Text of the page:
a few Wesleyan hurdles: inner/outer, 'heart'

Writing about Wesley is hard. He uses a lot of expressions that I find archaic, and the ways he deals with some concepts rubs me the wrong way. Two related examples. First, his usage of 'heart' is difficult for me because I'm worried about how it might be participating in the popular dichotomy between "head" and "heart" - between emotion and cognition - that I find troubling because of the ways that it ignores desire's essential involvement in how and why and what we think (and all of that's involvement in how and why and what we do).

Second, Wesley employs concepts of "outward religion" and "inward religion", a dichotomy that is easy enough to understand but arguably more troublesome than the aforementioned. My fear here is that the inward will become the realm of Christianity and the outward, 'more serious' stuff will become the responsibility of some other more 'practical' power, be it politics, pocketbook, personal preference, etc. We can tuck God safely away in a little 'inward' box and justify some pretty un-Christlike things. See pretty much anything written by JH Yoder or Michael Gorman if you're not sure what I mean. The gospel isn't 'fire insurance' it's a whole new life - a new creation - here and now. And that's radical, disruptive stuff.

But my concerns are pretty contemporary, and Wesley is not a 21st century man, he is a 18th century man. And so I think he largely predates these misconceptions, at least in their modern form. In fact, I think these misconceptions actually came out of the mixture of Wesley's language, along with parallel language coming from other quarters, and later (and a few concurrent) philosophical developments and fashions.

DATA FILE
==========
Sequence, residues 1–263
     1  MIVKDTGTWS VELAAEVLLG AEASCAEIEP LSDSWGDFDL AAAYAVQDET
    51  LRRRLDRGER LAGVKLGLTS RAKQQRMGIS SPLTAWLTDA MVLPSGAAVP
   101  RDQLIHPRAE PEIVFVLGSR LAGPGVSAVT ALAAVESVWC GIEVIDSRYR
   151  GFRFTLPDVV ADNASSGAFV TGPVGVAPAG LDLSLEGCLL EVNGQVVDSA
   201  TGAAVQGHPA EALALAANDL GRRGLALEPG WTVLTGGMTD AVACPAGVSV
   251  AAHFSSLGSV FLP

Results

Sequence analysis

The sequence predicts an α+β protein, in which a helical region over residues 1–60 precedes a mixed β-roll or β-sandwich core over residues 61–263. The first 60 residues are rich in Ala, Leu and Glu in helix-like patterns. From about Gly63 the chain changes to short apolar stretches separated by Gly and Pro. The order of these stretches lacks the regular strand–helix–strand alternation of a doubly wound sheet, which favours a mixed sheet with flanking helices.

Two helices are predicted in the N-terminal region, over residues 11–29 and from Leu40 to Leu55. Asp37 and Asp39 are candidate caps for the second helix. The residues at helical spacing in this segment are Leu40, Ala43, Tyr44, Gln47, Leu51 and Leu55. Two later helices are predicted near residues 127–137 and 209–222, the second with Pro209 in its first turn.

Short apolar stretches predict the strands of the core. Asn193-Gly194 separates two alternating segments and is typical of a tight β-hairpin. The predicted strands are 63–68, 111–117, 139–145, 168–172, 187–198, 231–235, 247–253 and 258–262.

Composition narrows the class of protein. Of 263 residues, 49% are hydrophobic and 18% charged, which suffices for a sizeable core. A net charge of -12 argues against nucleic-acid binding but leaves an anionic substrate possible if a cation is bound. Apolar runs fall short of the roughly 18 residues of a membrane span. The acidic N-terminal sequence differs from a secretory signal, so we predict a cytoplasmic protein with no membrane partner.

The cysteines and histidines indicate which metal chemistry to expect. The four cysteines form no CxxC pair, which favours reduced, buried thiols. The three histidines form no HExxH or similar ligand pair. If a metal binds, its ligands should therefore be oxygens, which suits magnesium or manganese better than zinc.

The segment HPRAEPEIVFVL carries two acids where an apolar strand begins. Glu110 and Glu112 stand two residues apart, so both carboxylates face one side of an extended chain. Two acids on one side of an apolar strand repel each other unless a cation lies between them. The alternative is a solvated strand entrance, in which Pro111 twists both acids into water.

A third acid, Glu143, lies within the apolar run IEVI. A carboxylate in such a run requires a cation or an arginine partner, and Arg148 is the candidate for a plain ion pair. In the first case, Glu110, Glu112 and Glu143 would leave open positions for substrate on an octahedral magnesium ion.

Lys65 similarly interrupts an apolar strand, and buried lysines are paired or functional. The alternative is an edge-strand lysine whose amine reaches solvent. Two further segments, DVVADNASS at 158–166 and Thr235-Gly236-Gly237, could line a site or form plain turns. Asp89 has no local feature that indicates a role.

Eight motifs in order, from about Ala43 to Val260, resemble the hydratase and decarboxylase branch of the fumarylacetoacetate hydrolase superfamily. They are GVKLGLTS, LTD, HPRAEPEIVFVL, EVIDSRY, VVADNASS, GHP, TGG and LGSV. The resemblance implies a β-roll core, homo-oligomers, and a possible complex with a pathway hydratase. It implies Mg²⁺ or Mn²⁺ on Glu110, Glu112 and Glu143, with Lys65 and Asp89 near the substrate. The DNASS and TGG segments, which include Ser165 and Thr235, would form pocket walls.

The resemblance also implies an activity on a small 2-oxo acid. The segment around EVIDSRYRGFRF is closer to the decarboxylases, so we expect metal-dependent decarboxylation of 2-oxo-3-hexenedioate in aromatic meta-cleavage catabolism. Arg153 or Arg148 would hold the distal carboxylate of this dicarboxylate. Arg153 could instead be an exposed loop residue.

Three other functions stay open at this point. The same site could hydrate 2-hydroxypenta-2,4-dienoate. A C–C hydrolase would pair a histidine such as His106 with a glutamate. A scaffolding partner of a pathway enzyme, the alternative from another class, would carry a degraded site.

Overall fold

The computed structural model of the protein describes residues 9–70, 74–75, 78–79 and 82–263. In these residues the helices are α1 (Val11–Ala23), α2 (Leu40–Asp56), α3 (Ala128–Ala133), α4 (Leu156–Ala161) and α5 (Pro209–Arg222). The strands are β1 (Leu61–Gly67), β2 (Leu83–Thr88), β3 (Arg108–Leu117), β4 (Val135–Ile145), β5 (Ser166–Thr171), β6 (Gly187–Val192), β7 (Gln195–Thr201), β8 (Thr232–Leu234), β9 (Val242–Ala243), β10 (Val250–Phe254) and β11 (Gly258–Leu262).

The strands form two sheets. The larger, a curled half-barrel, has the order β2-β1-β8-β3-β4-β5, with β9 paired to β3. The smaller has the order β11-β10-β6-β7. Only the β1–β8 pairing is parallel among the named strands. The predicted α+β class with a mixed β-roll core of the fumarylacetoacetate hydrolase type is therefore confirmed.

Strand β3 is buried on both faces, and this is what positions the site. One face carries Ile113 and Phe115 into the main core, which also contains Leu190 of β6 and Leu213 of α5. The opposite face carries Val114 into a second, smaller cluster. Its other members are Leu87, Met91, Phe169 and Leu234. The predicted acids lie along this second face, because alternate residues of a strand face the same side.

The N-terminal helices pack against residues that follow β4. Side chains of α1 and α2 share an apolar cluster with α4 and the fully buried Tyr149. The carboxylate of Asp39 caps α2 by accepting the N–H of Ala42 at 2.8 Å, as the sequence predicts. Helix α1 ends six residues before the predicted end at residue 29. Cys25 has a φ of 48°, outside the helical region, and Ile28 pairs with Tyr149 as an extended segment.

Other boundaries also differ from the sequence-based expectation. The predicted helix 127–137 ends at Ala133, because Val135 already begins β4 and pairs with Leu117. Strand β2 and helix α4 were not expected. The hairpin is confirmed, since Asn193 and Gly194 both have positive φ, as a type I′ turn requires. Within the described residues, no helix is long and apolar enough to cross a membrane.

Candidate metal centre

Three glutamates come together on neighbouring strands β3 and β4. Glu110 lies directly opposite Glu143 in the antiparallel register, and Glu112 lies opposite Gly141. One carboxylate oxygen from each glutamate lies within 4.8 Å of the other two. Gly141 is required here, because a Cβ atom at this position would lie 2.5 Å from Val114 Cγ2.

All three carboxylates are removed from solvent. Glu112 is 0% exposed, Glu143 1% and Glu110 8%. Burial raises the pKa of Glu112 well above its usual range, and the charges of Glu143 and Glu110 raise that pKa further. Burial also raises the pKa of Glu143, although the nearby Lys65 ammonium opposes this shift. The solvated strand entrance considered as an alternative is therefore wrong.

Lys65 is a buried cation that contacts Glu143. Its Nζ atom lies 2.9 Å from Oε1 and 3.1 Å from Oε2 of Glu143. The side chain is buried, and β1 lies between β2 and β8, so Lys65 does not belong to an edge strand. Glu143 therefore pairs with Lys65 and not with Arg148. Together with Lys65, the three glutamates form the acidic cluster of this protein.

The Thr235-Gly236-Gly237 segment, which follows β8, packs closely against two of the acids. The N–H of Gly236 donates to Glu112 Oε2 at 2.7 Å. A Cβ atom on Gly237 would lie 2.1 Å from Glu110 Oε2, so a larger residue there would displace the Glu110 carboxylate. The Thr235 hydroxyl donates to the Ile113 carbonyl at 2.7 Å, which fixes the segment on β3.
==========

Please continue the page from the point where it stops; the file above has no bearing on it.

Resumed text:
This claim is bolstered by the fact that much of his energies are spent holding inward and outward religion together, employing the distinction to undercut the distance between the two. For Wesley, inward religion necessarily breeds outward religions, and outward religion fosters and deepens inward religion. The two are of a piece, and can't be separated without doing violence to both.

Furthermore, for Wesley the 'heart' isn't too separate a thing either. The Oxford Fellow just means to point out that our human desires are exactly where God wants to go to work on us. God wants to transform and reform us where we love. Moreover, Wesley is also no adherent of Deb from Napoleon Dynamite's "follow your heart" philosophy (yeah, I just went there).

I noticed these 'hurdles' (and other similar concerns) over the summer as well, but the more I read Wesley the more I am convinced that Wesley is merely a victim of a changing conversation, and that he is not guilty of these modern philosophical and theological crimes.

Translate? Contextualize? Accommodate?